The Gathering You could throw out the tape measure when it came to drapes, as the look was to puddle masses of material on the floor—an artful arrangement that made it oh-so-easy to do the weekly vacuuming.
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Slip Into Something More Comfortable Rachel Ashwell taught us that everything old could be new again—by looking old, thanks to some slipcovers and light distressing.
Wooden Delivery It may be ubiquitous in forests, but pine also became ubiquitous in kitchens, along with countertop bread makers and wine fridges.
I Can See Clearly Now Everyone was an engineer with land-line phones housed in translucent casings that allowed you to see their inner workings. The real mystery was how to decide between one of those and a hamburger phone.
Leave a Light On Forget the humble Edison bulb—halogen heat was the only way to illuminate a desk or end table. So what if it would occasionally burn through paper?
Big Audio Dynamite Turn it up to 11 on stereo speakers the approximate size of a Yugo—and about as easy to park.
Fake It ‘Til You Make It We brought nature inside—but only the dried, silk, plasticized version of it. Real plants, trees, and flowers remained firmly rooted in the great outdoors.
Country Living Even city dwellers could dream they were sleeping in pastoral England, thanks to Laura Ashley’s matching floral bedding with enough coordinated sheets, duvets, pillowcases, shams, dust ruffles, and throw pillows to fill your white enamel frame bed a thousand times over.
Then there are the 55- to 65-year-old baby boomers, who most often received “refined rustic” as their result on the style quiz. “‘Refined rustic,’ in particular, blends classic forms with a more informal rustic style, suggesting that these generations are looking for a comfortable feel to their homes,” says Wood. Perhaps life has taught them that a sharp-lined, sculptural armchair—a sure bet for millennials—isn’t what you want to cozy up in, well, ever.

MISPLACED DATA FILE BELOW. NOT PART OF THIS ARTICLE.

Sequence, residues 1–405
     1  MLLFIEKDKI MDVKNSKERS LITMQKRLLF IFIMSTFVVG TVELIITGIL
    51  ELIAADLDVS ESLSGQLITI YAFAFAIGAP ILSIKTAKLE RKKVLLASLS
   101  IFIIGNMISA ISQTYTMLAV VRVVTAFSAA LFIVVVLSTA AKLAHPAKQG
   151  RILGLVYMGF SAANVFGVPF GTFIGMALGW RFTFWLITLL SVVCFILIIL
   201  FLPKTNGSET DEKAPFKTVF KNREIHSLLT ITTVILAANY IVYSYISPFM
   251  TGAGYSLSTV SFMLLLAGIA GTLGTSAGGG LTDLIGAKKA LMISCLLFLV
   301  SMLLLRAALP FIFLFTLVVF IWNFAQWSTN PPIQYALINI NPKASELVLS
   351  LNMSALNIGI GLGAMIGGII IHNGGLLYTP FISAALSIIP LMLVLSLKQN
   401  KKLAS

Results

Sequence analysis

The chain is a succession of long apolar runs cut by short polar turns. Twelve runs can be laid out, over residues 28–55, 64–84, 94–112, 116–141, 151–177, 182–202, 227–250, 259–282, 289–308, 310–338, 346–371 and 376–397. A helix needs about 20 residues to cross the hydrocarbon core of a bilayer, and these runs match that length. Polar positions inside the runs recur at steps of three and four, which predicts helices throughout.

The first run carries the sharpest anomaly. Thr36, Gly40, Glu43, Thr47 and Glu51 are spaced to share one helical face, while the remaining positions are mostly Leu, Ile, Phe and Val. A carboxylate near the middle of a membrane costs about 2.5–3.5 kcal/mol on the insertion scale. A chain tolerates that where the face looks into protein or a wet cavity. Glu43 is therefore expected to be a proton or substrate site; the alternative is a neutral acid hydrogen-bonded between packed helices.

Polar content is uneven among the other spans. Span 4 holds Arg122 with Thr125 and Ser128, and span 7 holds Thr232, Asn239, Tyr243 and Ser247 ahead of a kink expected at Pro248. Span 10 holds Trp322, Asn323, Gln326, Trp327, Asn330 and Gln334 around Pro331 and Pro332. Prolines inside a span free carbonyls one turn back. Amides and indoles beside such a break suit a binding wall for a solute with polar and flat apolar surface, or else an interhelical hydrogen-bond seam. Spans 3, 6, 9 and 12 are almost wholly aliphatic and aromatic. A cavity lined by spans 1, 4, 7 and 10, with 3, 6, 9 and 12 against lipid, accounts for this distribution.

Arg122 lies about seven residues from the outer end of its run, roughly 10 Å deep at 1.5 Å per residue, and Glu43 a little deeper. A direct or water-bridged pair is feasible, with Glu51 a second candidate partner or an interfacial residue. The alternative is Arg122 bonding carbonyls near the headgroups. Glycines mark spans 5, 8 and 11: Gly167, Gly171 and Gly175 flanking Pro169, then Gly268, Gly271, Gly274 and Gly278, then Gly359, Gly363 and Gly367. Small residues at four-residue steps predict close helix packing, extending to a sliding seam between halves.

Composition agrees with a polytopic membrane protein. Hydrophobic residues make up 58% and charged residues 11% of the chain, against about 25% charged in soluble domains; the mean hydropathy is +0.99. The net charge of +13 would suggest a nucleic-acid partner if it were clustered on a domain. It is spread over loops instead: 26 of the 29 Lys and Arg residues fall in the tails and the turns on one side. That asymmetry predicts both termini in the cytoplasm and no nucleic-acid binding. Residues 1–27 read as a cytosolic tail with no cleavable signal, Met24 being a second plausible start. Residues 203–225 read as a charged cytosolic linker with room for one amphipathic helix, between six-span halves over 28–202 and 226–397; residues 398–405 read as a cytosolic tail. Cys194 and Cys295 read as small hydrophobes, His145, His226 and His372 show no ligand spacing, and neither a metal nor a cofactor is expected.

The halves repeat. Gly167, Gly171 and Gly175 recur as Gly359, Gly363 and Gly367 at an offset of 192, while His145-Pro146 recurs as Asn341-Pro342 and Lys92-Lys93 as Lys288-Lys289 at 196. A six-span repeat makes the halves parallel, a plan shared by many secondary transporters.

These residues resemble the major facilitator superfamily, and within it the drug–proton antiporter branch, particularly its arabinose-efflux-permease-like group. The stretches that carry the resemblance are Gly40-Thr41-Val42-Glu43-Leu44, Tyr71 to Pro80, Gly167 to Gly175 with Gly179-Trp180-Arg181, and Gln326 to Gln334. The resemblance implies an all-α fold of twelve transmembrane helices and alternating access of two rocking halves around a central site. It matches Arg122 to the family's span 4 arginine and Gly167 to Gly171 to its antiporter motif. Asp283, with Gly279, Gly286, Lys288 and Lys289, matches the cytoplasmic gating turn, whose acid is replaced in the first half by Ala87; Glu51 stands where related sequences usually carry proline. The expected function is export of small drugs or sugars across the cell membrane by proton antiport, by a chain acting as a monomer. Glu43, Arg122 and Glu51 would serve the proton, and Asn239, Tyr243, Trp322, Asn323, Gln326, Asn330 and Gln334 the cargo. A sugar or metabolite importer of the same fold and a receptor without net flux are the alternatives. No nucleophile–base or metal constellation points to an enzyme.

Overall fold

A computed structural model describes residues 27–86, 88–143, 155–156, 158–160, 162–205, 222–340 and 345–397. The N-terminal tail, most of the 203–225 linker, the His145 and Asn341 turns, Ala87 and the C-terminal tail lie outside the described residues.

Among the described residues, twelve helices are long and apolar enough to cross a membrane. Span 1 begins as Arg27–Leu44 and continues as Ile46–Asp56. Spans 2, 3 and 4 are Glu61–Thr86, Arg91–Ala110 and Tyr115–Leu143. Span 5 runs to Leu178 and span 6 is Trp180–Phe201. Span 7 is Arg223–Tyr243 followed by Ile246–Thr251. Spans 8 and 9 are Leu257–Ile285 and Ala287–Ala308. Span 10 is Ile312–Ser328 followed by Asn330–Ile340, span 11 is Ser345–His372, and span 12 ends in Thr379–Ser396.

But we might not have to agree to disagree, after all. Those born in the mid-1990s to the mid-2000s (a.k.a. Generation Z) seem to be in cahoots with the boomers. “Rustic warmth” is the third most popular quiz result for them. “For Gen Z, we’re seeing a resurgence in popularity of classic styles, but layered with an informal twist,” says Wood. We just hope this isn’t a sign that scrunchies are back. . . .
At a Malibu home restored and decorated by BoydDesign, prized vintage pieces balance the living room, including 1946 Eames rosewood chairs for Herman Miller, a 1981 Paolo Piva cocktail table for B&B Italia, and a midcentury Laverne leather-and-chrome sofa.
Golden Arches Generous half-moons of glass topped traditional square windows to let in extra light, which then often needed to be blocked with a fan shade.
Rock Steady Crack open certain stones and you’d find them full of colorful crystal, ready to add a mystical element to something as mundane as the TV room.
The 1980s saw the rise of Reganomics and the birth of yuppies (and guppies and buppies…). America’s youth learned to Just Say No when it wasn’t watching MTV (Madonna! Michael Jackson! Milli Vanilli!) or the films of John Hughes. Television shows such as Dallas (Who shot JR?) and Falcon Crest were but one source of interior design inspiration. Here are some other gems of the decade:
Less is More Fans of austere minimalism pared down to the (carefully curated) basics—a shoji screen here, a single chair there, and greige everywhere.
Rise and Shine You didn’t need to live on a farm to have a flock of roosters, whose suburban habitat seemed to include a lot of ruffles, gingham, and other down-home touches.
See Here There was no playing footsie during dessert under clear glass dining tables that wouldn’t have looked out of place in a midtown law office’s conference room.